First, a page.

We all know that FR clothing provides protection from arc flash and flash fire hazards. However, situations where your primary FR clothing may become heavily soaked in oil or covered in excessive dirt may cause unsafe conditions in which your primary FR clothing should no longer be worn. Disposable FR coveralls provide cost-effective protection that preserve the useful life of a worker’s primary FR. This ensures that the FRC will perform as expected in the event of an arc flash or flash fire incident.
Posts tagged ‘personal protective equipment (PPE)’
Under the new 1910.269 and 1926 subpart V ruling, OSHA clarified its stance that FR and arc-rated clothing should reasonably and appropriately be treated as Personal Protective Equipment (PPE). This designation reinforces the employer’s legal obligation to provide, pay for, and retain ultimate responsibility for care and maintenance of FR and arc-rated clothing.
When considering strategies to comply with the new care and maintenance requirements, consider the facts: Read more
On April 11, 2014, OSHA published to the Federal Register the final rule revising 29 CFR 1910.269 and 1926 Subpart V, related to the construction and repair of electric power generation, transmission and distribution in an effort to improve workplace safety. This recent change to OSHA 1910.269 updates the standard providing electrical safety guidance for those in the operation and maintenance of electrical power.
In fact, the revised rule implements significant changes to utilities’ requirements for protecting workers from electric arcs and using arc rated clothing. This document became law on July 10, 2014, although OSHA adopted delayed compliance deadlines for certain new requirements, including: PPE, new determination of minimum approach distances and arc flash hazard assessment.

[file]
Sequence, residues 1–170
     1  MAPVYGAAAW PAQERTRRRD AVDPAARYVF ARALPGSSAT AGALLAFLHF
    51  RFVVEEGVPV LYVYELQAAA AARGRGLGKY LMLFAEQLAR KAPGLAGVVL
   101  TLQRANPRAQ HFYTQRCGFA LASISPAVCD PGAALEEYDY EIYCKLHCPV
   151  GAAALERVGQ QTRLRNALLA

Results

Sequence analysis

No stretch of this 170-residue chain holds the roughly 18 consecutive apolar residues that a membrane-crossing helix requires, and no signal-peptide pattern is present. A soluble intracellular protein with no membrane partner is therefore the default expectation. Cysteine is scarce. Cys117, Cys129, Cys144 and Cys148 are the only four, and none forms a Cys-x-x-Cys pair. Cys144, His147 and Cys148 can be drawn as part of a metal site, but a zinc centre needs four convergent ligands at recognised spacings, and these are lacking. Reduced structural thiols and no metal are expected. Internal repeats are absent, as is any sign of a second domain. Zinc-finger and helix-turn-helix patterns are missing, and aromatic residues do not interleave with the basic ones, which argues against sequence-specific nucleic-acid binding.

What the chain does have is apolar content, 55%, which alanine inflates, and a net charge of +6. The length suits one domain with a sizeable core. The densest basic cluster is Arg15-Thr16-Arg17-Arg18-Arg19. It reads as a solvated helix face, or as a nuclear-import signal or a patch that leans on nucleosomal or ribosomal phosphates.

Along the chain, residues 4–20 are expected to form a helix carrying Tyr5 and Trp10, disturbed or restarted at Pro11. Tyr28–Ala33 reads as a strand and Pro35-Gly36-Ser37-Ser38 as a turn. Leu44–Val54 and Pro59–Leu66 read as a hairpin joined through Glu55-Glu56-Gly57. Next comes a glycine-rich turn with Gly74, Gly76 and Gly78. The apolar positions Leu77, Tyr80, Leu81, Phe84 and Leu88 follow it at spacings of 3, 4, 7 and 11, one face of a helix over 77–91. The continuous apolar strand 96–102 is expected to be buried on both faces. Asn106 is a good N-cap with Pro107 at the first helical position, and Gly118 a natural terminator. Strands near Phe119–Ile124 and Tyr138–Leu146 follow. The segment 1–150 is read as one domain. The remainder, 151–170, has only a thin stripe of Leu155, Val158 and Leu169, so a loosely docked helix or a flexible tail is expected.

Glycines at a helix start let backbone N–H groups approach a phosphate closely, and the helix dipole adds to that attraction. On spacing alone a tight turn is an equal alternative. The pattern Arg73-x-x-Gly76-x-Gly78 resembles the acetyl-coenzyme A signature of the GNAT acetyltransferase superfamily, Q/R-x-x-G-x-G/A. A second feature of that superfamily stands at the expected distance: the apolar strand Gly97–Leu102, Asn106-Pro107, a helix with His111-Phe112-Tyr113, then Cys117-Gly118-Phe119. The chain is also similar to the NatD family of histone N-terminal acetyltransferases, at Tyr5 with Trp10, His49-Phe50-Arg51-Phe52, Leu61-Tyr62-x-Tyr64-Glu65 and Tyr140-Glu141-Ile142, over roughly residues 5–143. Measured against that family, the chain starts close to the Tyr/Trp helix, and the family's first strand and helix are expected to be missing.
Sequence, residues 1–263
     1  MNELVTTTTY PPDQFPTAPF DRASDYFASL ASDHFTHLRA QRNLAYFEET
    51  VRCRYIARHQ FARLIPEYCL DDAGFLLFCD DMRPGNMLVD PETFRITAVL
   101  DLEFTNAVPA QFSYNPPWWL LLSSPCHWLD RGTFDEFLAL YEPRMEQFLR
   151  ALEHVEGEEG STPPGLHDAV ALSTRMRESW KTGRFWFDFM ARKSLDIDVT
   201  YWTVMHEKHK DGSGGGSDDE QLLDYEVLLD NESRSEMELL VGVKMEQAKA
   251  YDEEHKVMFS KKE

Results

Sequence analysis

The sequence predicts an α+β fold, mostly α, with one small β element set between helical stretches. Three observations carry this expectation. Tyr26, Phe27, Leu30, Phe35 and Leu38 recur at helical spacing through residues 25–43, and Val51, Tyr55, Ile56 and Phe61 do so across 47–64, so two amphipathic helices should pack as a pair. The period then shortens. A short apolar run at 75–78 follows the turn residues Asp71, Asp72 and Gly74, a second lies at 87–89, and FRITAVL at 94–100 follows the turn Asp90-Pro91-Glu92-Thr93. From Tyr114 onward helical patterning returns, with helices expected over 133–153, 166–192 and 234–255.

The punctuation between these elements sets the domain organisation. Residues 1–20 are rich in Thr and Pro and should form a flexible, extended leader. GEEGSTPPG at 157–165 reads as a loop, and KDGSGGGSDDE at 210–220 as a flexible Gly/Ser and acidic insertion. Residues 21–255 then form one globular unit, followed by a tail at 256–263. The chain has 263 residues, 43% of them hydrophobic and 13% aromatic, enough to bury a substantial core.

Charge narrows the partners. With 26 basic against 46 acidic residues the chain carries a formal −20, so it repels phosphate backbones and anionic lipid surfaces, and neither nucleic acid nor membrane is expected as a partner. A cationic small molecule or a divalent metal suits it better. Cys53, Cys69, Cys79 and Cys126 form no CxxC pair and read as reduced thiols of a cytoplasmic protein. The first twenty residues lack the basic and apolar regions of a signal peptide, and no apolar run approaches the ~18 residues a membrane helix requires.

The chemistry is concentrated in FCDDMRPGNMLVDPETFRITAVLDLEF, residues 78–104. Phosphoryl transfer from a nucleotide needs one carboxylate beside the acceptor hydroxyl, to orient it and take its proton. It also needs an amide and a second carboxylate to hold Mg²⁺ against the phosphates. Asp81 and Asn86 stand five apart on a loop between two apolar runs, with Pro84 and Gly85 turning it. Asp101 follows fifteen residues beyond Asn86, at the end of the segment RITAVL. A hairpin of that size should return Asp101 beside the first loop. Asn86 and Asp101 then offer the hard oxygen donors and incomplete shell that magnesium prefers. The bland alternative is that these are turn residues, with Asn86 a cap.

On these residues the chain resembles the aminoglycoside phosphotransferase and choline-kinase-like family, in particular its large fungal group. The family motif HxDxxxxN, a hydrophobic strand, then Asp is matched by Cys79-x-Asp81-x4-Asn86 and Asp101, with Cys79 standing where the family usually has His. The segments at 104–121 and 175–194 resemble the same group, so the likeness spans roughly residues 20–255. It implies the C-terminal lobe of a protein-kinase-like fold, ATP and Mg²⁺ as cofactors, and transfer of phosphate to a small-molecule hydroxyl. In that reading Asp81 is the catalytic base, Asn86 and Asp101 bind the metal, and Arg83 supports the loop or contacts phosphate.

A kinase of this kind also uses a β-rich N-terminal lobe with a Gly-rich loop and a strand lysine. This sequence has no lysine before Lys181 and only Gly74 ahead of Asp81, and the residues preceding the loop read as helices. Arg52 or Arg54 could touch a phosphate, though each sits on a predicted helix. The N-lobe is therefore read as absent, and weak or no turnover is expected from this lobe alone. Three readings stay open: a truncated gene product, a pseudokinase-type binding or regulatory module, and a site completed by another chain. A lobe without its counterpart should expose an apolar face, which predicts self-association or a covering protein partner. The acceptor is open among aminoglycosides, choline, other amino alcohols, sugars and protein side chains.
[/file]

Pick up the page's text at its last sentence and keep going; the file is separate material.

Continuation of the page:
The Final Federal Rule updates a 40-year-old standard and incorporates important changes with regard to FR clothing that have significant impact on employers, who must comply by April 1, 2015.
Generally, OSHA has updated the standard for electric power line work to make it more consistent with the corresponding overall industry standards and requirements. Importantly, OSHA estimates the revised ruling will save more than 20 lives and prevent 118 serious injuries each year.
Electrical Safety in the Workplace & What This Means to Employers
OSHA’s revised ruling will require many utilities and electrical companies to provide more arc rated clothing to their employees.
In general, an employer must:
- Assess the workplace to identify employees exposed to hazards from flames or from electric arcs;
- Make reasonable estimates of the incident heat energy of any electric-arc hazard to which an employee would be exposed;
- Ensure that employees exposed to hazards from flames or electric arcs do not wear clothing that could melt onto their skin or that could ignite and continue to burn when exposed to flames or estimated heat energy;
- Ensure that the outer layer of clothing worn by an employee is flame resistant under certain conditions; and
- With certain exceptions, ensure that employees exposed to hazards from electric arcs wear protective clothing and other protective equipment with an arc rating greater than or equal to the estimated heat energy (1).
6 Critical Changes Regarding FRC
The industry views OSHA’s changes as much-needed measures to better protect the men and women who work on or near electrical power lines. It is now up to employers to comply with the following requirements as they relate to arc rated and flame resistant clothing:
Among the changes incorporated into the revised ruling, employers are to provide head-to-toe FR clothing for all hazards greater than 2 calories or for work above 600 volts. This requirement for full body protection means that workers will now be required to wear FR pants, balaclavas or face shields, boots and gloves, in addition to FR shirts and coveralls already commonly provided.
OSHA now believes that it is reasonable and appropriate to treat FR and arc-rated clothing required by the revised ruling as PPE. This will be reflected as an increase to allowances and/or by adding additional items to approved clothing selections for employees.
OSHA makes several statements in the revised standard indicating support of an allowance-based FR clothing program, and provides recommendations for allowance amounts. The most straightforward approach to meeting the PPE requirements for the revised ruling is to issue employee allowance in the amount of $455 annually and one-time new hire allowances of $1,534 (p. 287). However, OSHA also acknowledges considerable flexibility in the approaches employers can use to satisfy PPE requirements.